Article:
Hereafter… For The Believers
By Sumaya Samarasinghe
The only certainty a human being has in life is that one day, he or she will die.
Some will be taken away too young, others will suffer tragic deaths while the fortunate ones will grow older though decaying bodies and loneliness as your loved ones pass away hardly seems like an enticing prospect to live a long life!
For a handful of lucky ones, age means nothing and despite turning 80, actor/director Clint Eastwood has once again surprised many with the theme of his latest film Hereafter which is his version of what ‘may’ happen after death.
Though Matt Damon’s face covers the entire poster of the film, probably more for marketing purposes than anything else, he is actually one of the three main characters of Hereafter. The film follows the story of three separate people who have had to deal with death, grief and loss. Never does Eastwood impose an idea on his viewers nor does he claim to know exactly what happens ‘next’ and offer a textbook explanation of the afterlife.
The film begins with a chilling tsunami sequence in an Indonesian beach town. Marie (Cecile de France) is a well known French television journalist who is on holiday with her married lover and colleague Didier. Set to leave in a few hours, she reminds him that he has to go and buy presents for his kids. When he shows little motivation to do so, Marie sets of to do the shopping and while she is purchasing some souvenirs, the gigantic wave swallows her up. She is pulled out of the water by a rescue team and left for dead. But while she is being given CPR, we experience what she sees: bright lights and the image of the mother and daughter who ran the little souvenir stand.
Suddenly Marie begins to cough up water and revive. Later, she and Didier return to Paris. But soon, this life altering experience begins to interfere with her day to day work and she is ‘advised’ by Didier who is also her producer, to take a leave of absence and concentrate on the book she wanted to write on former French President Francois Mitterand. This political novel will never see light of day as Marie becomes determined to publish something on her near death experience and the afterlife.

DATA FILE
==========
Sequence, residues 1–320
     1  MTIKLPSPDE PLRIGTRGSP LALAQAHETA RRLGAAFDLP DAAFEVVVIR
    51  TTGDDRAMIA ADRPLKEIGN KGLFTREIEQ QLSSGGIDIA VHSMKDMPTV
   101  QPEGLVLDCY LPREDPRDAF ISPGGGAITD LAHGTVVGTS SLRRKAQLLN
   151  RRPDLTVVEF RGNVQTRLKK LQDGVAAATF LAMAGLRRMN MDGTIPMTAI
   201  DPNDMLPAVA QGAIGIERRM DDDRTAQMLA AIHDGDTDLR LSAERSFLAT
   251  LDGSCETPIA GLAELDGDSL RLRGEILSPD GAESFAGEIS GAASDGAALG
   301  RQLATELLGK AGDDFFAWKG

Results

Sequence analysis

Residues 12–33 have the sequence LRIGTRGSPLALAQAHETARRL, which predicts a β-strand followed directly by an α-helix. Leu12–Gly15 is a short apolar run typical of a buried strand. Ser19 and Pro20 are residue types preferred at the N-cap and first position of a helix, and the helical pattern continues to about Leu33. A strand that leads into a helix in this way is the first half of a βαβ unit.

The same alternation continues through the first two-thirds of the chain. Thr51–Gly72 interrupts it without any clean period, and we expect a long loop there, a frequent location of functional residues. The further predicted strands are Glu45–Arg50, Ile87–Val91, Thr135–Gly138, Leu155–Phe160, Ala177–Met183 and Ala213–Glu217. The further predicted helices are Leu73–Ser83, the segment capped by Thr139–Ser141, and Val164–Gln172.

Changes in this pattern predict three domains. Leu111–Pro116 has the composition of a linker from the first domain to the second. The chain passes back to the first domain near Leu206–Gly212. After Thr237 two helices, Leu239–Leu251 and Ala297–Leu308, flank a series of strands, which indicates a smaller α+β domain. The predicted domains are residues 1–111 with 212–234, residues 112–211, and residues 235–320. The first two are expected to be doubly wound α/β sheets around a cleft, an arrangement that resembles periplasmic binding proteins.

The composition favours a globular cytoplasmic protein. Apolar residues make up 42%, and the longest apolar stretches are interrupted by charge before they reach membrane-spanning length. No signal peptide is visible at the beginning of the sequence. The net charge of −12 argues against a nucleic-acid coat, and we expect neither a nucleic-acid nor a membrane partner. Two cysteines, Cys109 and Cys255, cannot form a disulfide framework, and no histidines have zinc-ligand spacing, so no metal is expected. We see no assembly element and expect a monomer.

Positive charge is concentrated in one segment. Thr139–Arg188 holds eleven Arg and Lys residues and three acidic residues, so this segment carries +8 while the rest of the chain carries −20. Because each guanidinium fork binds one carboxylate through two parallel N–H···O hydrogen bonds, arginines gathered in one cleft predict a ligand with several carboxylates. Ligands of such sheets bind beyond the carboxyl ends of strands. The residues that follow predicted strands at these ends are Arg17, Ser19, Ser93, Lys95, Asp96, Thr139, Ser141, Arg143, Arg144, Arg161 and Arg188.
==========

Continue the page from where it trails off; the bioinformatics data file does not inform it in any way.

George, played by Matt Damon, is a reluctant medium and somewhat of a dull human being. Spirits communicate through him, but he cannot talk to them. He has stopped taking clients and lives a lonely and quiet life as a factory worker. His idea of fun is to listen to audio books of Charles Dickens’ stories of whom he is a huge fan and in an attempt to develop his semi dead social life, he enrolls in an Italian cooking class. His cooking partner Melanie (Bryce Dallas Howard) quickly puts the moves on him. While the two are getting ready for a plausible romantic evening, Melanie overhears a message from Billy, George’s brother pressing him to begin taking clients again.
Melanie gets curious and begs a reluctant George to do a reading. He finally accepts and contacts the spirit of Melanie’s dead father who asks her for forgiveness for what he had “done” to her during her youth and naturally this ruins their relationship and she never returns to the cooking class again. The third story is probably the most touching of all. Marcus and Jason are 12 year old twins living in London. Their main job is to prevent social services from taking them away from their alcoholic, heroin addicted mother whom they love deeply. One day while going to pick up a detox drug from the pharmacy for their mother, Jason is knocked down by a van and killed. From that day onwards, Marcus wears his deceased brother’s hat and is sent to foster homes.
Lonely and unable to cope with the death of his brother, a rather amusing sequence shows the little boy go from medium to medium (all of whom end up being frauds); in a desperate attempt to contact his twin, until he finally sets his goals on George.
Eastwood manages to brightly connect the three stories at the London Book Fair where Marie is reading from her book: Hereafter, George who has been laid off from his factory job is visiting London and Marcus is aimlessly wandering around at first before he bumps into George.
Some cynical beings will probably call Hereafter Eastwood’s very own fairy tale, once again there are no impositions from the director except perhaps for one message and that is to enjoy every moment as it only takes a few seconds for life to change completely.
A movie filled with class!